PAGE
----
“One of the toughest things about the sequence is to try and not over complicate it,” says Kleinman. “It’s a long sequence, four minutes.” Along with keeping the focus sharp, Kleinman also battles with a history of Bond title knockoffs. “The language that Maurice invented and that I’ve tried to riff on and take forward, has been ripped off effectively by millions. You see it in book covers, magazine covers, other movies, TV series — all of these things have taken from that language. And a lot of them don’t do it very well, and they look cheesy.”

For Skyfall, Kleinman wanted to utilize star Daniel Craig and take him through an impressionistic journey through the film’s events, capitalizing on the image of Bond sinking in the opening and carrying it throughout the sequence. The director notes the use of bullet holes in the sequence as an example of his goals: “Instead of making them realistic, I tried to make them look like paper that was torn open. It became more like a graphic thing than a literal thing.”

Achieving the fluid effects took a tremendous amount of time and effort, Kleinman bringing his concept to all on his own before handing it off to his team of artists. “I work out the ideas and the sequence of events and transitions — what I want to happen in it. Then I physically edit a storyboard, so it becomes a little cartoon of the sequence,” says Kleinman. “The effects are so complicated it takes an enormous amount of people to create the actual visuals. They create liquids, elements of blood and liquid, a lot of it is computer animated.”

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CG is heavily employed in the making of a modern Bond title sequence, but the effects heavy treatment still requires Kleinman to shoot a great deal of footage. “A lot of it is physical, real elements. The guns… I built a tunnel for a recurring element of the sequence.” Kleinman points to the underwater photography as the most demanding aspect of the shoot. He recalls directing the women who had to submerge themselves for the sequence. “[I would say,] ‘Would you mind taking your clothes off and jump in the pool?’ Weirdly, I’m a little bit prudish. I find it slightly embarrassing! But they know what they’re up for. It’s very professional.”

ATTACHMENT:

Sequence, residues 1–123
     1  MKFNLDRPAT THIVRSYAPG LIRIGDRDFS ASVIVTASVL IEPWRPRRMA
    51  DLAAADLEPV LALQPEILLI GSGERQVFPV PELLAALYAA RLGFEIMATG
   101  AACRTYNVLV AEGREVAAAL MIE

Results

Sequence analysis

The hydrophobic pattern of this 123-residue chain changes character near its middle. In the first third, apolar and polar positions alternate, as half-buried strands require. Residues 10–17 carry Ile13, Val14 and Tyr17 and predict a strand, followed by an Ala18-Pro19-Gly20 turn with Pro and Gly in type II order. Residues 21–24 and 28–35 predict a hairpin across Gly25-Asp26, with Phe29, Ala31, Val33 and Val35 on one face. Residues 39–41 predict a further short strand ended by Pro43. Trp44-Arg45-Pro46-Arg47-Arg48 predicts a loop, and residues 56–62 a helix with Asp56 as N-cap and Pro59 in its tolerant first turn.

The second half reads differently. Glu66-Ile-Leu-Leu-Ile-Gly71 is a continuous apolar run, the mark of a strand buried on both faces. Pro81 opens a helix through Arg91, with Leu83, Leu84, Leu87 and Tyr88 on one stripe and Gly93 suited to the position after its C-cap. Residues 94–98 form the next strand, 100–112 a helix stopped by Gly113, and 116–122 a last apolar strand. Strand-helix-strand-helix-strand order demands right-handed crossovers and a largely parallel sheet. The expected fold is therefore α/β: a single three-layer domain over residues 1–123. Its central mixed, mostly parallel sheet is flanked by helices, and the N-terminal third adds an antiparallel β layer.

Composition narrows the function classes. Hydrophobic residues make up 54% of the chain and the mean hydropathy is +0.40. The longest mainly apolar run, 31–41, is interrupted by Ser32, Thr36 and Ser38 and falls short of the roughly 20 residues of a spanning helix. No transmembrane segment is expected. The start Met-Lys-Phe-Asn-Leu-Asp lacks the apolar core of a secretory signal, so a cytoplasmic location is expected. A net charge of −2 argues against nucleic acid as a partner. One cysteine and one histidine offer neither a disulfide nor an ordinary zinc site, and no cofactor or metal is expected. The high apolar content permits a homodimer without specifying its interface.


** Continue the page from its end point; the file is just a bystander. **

If the underwater material was the most complicated, then the footage with 007 himself was the most intimidating for Kleinman. “I had to film him do the walk for the gun barrel,” says Kleinman. “Finding oneself directing Daniel Craig doing the gun barrel for James Bond… that’s a heavy responsibility [laughs]. It’s an image everyone in the world knows. You think, ‘I can’t screw this up.’

Kleinman has a passion for crafting the Bond title sequences and he hopes they never go out of fashion. He sees them as, not just a memorial to the work of Maurice Binder, but works of art that we rarely see today. “It’s tricky. It’s like B-films, the support feature. Something from another era. Perhaps title sequences aren’t thought of as art pieces in their right anymore.”

Follow Matt Patches on Twitter @misterpatches

[Photo Credit: Sony Pictures]